4. Interesting and great thoughts expressed there. I always life is not just about you being careful or okay but ensuring that your neighbour is too. Life hasn’t been easy for most low income earners during this period. The mood and manner in which food is shared is also scary. And the super annoying thing to deal with this evening, is playing of figures of recorded cases. This whole situation is getting scary and people are not seeing.

  5. Thanks for the enlightenment .The whole situation is very pathetic.Its like we are joking as a nation. We sat down unconcerned as a nation with our borders open when we saw this pandemic killing people elsewhere .Today we have been affected by the reckless behaviour of our leaders allowing foreigners and our so called well-l to -do citizens to infect us with covid19 and we are now pointing pointing fingers at the Lowers class? Its a very big shàme

  6. Facts established! Our system won’t allow us to observe the lockdown 100%. Our people don’t have a deeper sense of the virus yet and even if they have, they would still come out because they want to work and survive. We will get there.

  7. Sugar you’ve said it all here, this pandemic is more than serious but some Ghanaians can only care less. Everyday I watch euronews and get depressed, the deaths ..in my head I’m like what will happen if this thing should hit Ghana hard like other countries.God safe us all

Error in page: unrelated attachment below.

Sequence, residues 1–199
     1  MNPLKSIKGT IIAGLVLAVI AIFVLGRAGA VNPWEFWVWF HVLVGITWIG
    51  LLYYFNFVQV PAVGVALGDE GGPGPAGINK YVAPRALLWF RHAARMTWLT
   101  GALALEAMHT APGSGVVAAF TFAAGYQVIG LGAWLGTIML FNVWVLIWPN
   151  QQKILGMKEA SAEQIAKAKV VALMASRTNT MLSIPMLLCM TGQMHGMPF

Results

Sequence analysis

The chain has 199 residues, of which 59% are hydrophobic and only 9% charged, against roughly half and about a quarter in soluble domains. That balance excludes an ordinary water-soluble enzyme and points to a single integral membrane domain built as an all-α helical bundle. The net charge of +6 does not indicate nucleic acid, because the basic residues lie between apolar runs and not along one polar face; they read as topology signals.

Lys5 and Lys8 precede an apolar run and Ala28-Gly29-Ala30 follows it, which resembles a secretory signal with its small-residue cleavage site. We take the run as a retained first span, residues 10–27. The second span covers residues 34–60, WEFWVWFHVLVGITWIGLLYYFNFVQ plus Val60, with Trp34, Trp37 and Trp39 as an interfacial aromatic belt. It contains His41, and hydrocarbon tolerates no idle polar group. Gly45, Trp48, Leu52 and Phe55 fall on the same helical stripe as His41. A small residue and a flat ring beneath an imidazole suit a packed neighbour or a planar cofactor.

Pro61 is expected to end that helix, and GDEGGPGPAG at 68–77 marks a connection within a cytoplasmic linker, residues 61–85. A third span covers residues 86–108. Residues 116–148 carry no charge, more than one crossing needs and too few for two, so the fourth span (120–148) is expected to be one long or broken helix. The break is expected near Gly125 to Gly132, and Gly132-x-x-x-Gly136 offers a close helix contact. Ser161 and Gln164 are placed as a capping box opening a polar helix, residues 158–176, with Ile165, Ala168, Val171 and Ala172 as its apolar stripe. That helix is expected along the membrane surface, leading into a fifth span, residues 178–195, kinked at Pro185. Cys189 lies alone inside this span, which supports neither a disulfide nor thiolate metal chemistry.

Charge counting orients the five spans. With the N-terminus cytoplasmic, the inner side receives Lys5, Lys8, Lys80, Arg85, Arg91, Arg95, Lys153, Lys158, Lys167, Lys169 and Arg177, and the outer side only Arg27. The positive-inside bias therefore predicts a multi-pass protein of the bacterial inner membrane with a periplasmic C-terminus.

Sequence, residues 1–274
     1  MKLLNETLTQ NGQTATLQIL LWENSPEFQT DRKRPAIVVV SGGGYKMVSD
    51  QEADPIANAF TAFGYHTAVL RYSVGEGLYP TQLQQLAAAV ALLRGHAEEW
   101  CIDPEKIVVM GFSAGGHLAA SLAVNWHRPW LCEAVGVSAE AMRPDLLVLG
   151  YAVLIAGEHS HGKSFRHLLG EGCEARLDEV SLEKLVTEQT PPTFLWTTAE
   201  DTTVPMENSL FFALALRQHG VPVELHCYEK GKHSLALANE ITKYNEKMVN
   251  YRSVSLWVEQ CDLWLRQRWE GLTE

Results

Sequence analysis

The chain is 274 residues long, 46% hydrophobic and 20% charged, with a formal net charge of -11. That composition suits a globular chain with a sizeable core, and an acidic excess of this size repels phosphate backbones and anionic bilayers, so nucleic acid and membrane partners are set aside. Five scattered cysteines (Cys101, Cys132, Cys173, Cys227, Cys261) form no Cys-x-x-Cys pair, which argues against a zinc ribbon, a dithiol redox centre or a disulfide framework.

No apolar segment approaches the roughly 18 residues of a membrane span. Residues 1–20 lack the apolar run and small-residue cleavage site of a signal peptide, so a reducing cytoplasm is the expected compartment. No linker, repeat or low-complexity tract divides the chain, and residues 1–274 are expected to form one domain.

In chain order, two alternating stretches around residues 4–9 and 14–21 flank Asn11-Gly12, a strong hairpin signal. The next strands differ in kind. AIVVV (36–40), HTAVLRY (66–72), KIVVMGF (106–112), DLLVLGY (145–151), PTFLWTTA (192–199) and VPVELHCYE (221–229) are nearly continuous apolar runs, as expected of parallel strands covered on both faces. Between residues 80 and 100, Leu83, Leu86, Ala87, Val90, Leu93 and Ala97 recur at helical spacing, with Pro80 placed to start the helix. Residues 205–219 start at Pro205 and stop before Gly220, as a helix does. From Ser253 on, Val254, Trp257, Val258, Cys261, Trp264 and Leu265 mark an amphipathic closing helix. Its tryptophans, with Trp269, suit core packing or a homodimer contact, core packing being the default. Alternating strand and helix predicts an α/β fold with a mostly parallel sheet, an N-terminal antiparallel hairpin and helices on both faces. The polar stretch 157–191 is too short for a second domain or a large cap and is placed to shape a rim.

8. I love the look of your page . 💋💋😘. Great but social distancing is not part of our culture but we need to learn to stay alive in this time .. Good work my love

  9. A very nice writeup. Very precised and right on the issues that needs attention.
    It is high time Ghanaian politicians puts politics aside and handle issues of national welfare with nuturality.
    Hmmmm, God is our sole helper.

  10. Good write up Sugar!! Coronavirus I think is simply sending a message across the world that, we are connected no matter how different we think we are!! Let’s look out for one another, the only way out!

  11. I pray after this Covid19 pandemic we shall all learn to live our life together as family. We seriously need to restructure our country for our own good more especially with the data of the people.

    Many people will also learn to save money no matter what they earn.
    Thanks for your write up sugar.
    @Ernest Appiah

  12. This is truly a beautiful writing about a rather ugly situation. Believe it or not it is exposing the underlying factors that allow discrimination, inequality and classism to thrive the world over. Systems of hitherto robust and advanced economies have been proven to be nothing short of inadequate.
    I love the linkage you draw between the social classes, their response to Covid19 and their inter relationship. Many including myself don’t ask the question about how we got here to begin with, but what is clear is that we are in this together and can only win this fight by working together for once, whether the privileged like it or not.
    Great work once again. It was a truly humbling piece to read.